A Taste of Nags Head Living
The Nags Head era of ox-drawn carts transporting baggage from sound-anchored schooners has evaporated into its misty history. But this tenuous strip of land has not lost her edge as a favored haven for outlanders. Just as the hardy Bankers of old sold crabs and fish to those first vacationers, today’s locals carry on the tradition by providing a variety of services to folk seeking solace or adventure by the sea.
Once only accessible by water, this hamlet now sees millions of visitors annually. The year round population of 2,800 soars to a summer population of 40,000. What used to be a one-hotel town now includes a brand new hospital, YMCA, multiple worship centers and a variety of shops, restaurants and accommodations from the charming to the chain. Evening entertainment happens at local restaurants, so check out that section for nightlife.
Ever since the town was incorporated in 1961, the officials have worked to keep the coastal cachet wholesome with the focus on developing a family-oriented community. Many businesses in town are still owned and operated by the families who’ve been running them for years. To keep that old Nags Head building style alive and well, the town has adopted architectural standards. According to its mission statement, the town of Nags Head “takes pride in its clean water, low density of development and abundant open spaces.”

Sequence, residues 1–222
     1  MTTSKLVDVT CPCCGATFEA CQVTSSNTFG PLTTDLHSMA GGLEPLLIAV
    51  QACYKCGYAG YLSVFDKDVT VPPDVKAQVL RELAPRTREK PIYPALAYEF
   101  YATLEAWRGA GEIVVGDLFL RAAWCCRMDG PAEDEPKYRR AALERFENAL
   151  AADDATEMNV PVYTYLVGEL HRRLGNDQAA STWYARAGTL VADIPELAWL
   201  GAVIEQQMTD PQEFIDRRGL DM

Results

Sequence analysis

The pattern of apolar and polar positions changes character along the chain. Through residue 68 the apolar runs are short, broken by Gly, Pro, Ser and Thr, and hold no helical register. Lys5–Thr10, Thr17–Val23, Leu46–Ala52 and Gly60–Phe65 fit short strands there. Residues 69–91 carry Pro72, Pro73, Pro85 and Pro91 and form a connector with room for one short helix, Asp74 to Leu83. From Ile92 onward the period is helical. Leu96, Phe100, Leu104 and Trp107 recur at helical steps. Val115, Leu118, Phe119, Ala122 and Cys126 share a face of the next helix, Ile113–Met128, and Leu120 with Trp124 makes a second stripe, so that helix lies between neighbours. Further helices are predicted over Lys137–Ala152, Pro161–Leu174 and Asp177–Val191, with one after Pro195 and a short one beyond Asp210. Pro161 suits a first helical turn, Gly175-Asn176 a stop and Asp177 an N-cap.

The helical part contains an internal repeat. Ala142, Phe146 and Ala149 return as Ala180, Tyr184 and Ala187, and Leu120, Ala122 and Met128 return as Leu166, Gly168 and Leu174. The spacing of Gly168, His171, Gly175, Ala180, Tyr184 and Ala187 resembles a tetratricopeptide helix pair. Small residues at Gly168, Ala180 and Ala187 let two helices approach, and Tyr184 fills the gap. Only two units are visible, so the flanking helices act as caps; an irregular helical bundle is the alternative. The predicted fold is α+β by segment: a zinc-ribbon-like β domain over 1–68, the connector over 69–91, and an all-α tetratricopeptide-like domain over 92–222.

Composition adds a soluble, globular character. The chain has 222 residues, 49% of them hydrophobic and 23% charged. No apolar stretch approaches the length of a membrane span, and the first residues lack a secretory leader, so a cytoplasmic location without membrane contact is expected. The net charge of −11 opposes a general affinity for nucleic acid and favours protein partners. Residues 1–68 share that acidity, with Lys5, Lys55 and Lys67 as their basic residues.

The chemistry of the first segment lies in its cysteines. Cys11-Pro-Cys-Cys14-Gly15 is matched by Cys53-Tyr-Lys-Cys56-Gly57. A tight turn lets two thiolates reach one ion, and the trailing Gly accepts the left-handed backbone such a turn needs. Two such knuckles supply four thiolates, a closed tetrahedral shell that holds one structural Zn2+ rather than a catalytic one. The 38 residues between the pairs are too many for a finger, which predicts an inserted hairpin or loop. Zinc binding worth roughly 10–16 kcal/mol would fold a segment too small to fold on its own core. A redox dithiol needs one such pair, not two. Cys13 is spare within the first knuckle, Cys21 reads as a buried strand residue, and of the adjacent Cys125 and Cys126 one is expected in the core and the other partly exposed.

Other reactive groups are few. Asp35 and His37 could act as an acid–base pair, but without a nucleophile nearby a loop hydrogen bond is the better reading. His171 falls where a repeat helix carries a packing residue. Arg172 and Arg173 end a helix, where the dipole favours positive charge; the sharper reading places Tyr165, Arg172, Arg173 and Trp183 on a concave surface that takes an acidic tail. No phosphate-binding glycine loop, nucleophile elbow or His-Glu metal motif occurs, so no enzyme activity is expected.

The Nags Head Town Hall is perched in plain view on Highway 158 (called the “Bypass” by us locals) not far from the Outer Banks Mall. In their visionary vein, the town took an unusual step for a modest-sized community and allocated an annual budget of up to $20,000 to oversee the purchase of mostly local fine art and crafts for the municipal offices. The impressive collection has grown since its inception in 1997 to house 100 works (available as a public tour — see our Attractions page) including painting, sculpture and wood, fiber and ceramic art, and the collection is still in progress.
A Nags Head experience offers a blend of the old with the new. Visitors still can revel in timeworn traditions while enjoying a host of modern-day comforts. Whether you concoct a barefooted retreat or an elegant sojourn, you’ll find helpful ingredients within these pages.